Its the holidays and I am having a whale of a time relaxing at home, watching brainless american pulp. I had to migrate some of my mail servers so I thought it would be fun to add on Greylisting to all my MTA's. Turns out Greylisting was dead easy setup and now I'm left twiddling my thumbs looking for something else to do … inbetween all the anime, tv and gaming.
WebMail I thought to myself, always wanted it might as well do it!
So here are the candidates:
- Squirrelmail - The granddaddy, 10 years and counting… this was around when I first started playing with linux
- Roundcube - Nice and purrty ...
- Bluemamba - With TMDA support
- DIMP - addon to the Horde, ajaxy version of their IMP, also interesting is their MIMP project made for mobiles…
- Ilohamail - Seems like its no longer a running project
- Uebimiau - demo instances are down :( It looked kinda cool…
NB: there are a lot more packages I have not included since I am looking for something which only does webmail and plays nicely with Postfix & Dovecot. A few of the noteable excluded packages are Zimbra, Scalix and Axigen. Most of these are too heavy for what I want this time, usually they are part of a larger solution with its own backend services and heavy.
Don't Call Me Shallow!
Let it be said I am shallow, I like things to look slick… which is why i'm on a mac… Here are some screenshots of the the remaining 4 contestants:
DIMP + IMP + Horde
The only notable one here is Squirrelmail for its fuglyness… :( lets hope I don't need any special features it has.
A House Needs Rooms!
Lets see if any special features which would be nice to have… Some of the requirements I have forgotten to mention up till now are:
- Linux based, preferably LAMP, but i'm flexible on the 'M' part and the 'P' part.
- Preferably already inside debian/ubuntu repo (not a deal breaker)
- Light weight
- Scalable in both performance and maintenance
- A project with momentum, enough support to debug those rare issues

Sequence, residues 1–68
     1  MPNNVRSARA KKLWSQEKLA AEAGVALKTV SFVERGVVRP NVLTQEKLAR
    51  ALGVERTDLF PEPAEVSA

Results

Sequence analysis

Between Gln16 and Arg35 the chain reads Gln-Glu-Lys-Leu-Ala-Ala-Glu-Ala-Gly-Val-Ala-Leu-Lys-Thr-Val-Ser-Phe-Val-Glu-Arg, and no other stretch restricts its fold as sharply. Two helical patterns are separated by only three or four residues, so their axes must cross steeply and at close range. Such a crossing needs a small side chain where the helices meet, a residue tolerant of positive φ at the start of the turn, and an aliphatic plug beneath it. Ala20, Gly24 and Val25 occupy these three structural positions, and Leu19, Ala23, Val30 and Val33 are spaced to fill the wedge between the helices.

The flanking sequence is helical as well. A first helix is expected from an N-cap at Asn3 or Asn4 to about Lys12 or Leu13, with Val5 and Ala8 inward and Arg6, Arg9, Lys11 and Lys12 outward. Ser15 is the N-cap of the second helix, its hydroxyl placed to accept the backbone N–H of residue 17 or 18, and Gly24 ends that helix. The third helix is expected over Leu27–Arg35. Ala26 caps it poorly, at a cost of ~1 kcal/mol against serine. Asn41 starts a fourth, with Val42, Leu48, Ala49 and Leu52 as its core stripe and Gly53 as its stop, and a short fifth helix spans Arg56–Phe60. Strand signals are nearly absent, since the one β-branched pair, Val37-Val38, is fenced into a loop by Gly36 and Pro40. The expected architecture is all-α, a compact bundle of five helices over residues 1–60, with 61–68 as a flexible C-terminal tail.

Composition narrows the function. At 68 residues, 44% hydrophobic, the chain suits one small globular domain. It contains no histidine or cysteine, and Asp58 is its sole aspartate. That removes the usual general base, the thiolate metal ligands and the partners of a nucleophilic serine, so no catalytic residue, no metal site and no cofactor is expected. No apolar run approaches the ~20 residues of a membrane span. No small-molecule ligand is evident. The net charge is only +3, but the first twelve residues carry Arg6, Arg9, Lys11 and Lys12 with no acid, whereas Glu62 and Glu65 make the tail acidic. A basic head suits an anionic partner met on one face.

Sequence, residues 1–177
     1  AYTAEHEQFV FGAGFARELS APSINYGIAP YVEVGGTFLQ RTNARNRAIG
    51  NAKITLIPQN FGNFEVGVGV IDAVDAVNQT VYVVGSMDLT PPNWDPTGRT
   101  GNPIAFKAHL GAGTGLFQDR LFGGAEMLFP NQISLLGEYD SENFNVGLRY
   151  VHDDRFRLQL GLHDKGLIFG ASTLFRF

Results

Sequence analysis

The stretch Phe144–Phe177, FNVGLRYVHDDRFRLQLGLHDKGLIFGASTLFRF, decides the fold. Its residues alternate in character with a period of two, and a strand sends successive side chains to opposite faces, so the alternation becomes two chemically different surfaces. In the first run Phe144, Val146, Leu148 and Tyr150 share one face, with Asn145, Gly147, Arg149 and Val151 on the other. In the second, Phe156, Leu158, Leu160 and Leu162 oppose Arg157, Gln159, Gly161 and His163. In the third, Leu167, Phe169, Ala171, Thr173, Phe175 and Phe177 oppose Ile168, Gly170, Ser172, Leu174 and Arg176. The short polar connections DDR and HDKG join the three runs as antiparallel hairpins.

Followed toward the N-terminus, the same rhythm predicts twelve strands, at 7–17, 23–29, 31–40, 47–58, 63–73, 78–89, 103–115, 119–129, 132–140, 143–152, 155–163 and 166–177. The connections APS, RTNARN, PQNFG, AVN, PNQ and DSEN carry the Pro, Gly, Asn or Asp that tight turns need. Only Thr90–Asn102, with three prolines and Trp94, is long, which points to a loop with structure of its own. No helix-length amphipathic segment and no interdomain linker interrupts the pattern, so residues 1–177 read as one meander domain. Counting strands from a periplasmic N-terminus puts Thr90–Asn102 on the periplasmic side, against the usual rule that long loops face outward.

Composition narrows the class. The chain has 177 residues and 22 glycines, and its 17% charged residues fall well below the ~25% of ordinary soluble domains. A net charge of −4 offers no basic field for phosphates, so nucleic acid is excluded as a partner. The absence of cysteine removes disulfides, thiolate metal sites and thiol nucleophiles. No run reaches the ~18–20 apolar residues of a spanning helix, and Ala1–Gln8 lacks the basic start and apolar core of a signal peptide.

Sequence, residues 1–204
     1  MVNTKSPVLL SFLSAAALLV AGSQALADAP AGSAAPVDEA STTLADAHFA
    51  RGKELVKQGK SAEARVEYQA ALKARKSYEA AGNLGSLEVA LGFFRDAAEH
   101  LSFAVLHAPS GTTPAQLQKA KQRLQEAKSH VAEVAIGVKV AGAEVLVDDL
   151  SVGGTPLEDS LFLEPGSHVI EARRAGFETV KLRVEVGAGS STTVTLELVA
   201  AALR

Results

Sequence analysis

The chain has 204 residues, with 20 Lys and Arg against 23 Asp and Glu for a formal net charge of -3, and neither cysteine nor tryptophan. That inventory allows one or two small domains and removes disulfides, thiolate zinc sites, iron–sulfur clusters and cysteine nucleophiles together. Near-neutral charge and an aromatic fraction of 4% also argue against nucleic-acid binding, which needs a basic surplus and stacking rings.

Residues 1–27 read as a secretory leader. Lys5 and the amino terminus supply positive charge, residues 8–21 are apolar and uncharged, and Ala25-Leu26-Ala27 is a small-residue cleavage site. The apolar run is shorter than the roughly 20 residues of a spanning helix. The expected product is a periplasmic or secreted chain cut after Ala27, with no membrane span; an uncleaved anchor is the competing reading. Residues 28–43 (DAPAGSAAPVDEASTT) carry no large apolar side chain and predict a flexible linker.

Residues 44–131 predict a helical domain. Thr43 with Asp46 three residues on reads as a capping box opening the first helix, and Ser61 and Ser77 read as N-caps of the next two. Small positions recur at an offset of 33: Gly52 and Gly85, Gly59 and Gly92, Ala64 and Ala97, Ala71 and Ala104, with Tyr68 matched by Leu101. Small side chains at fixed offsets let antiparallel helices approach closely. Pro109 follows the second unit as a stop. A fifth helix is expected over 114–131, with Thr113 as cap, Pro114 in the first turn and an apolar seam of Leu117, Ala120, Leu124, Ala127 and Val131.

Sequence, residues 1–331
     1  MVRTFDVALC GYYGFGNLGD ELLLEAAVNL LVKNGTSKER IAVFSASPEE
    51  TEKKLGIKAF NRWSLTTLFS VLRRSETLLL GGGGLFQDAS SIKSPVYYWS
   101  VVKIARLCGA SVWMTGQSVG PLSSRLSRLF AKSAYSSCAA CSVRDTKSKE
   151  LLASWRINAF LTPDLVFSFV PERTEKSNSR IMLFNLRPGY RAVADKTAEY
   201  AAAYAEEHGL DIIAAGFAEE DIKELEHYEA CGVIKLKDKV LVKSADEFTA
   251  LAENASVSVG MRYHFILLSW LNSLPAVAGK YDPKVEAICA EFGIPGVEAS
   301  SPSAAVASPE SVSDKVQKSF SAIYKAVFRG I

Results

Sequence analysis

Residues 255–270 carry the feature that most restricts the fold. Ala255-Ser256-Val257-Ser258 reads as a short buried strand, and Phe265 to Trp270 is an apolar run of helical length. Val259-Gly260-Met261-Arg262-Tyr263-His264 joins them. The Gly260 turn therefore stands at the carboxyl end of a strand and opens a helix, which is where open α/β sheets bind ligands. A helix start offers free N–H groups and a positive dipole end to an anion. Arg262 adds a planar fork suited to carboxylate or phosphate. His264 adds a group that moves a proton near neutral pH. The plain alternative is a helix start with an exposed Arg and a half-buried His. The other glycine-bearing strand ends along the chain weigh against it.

- Plays well with postfix, dovecot… (most of these webmail seems to talk through POP/IMAP which on the surface seems strange to me, seems to sacrifice efficiency for compatibility…
- Needs to be purrty….
Another one bites the dust… took a quick look at the BlueMamba site, it is a relatively young project (15 months). Bluemamba doesn't have much documentation online nor support. All the default Sourceforge tracker, forums are empty.
BUGS uh features!
- Horde + IMP + DIMP
The main reason for this order is because of the scope of my needs. Right now I just need the ability to view my emails when I am not in front of my own computer(s). E.g. no access to Apple Mail… like travelling or internet cafe's. Since I'm shallow Roundcube makes the most sense. In a larger corporate environment I would more than likely look at Squirrelmail or Horde first. Squirrel's plugin system makes it a very attractive choice, its a stable mature project deployed in production environments and proven to scale. Horde very much sits on the same level as Squirrel in-terms of its connectivity with the bonus of a nice Ajax front-end in DIMP.
Getting my hands dirty installing these software will likely reveal a lot more about the internals of these software and could drastically change my opinion of these packages. You can tell a lot about a project by its installation process…
One of the things I am looking at these days is a simple to manage "Single Sign On" (SSO) solution. The direction I want to first have a look at is doing this at the Apache level. It needs to talk to LDAP and RDBMS. Quick breakdown:
SSO which sits at the apache level:
Some of the standalone SSO solutions:
- Apache Shiro homepage
- Atlassian Crowd
- CoSign - University of Michigan
- Pubcookie - University of Washington
Some of the SSO implementations which are not a good fit for me:
I just stumbled upon a great lecture at Stanford university by a successful entrepreneur Eric Ries, co-founder of IMVU.
He talks about how to succeed and fail at a start-up. Retelling some of the mistakes along the way.
Some highlights include:
- Short iteration cycles, don't build big software that no one will use.
- learn fast and if something's not working change direction, something he calls the "pivot"
- Waterfall should be avoided unless both the problem and the solution is very well known (which is almost never)
- You think you know what customers want but you don't because you haven't asked
- All major assumptions (what he calls the shadow beliefs) should come out in the open.
Highly recommended to anyone who has started, thinking about starting or just thinking about a start-up.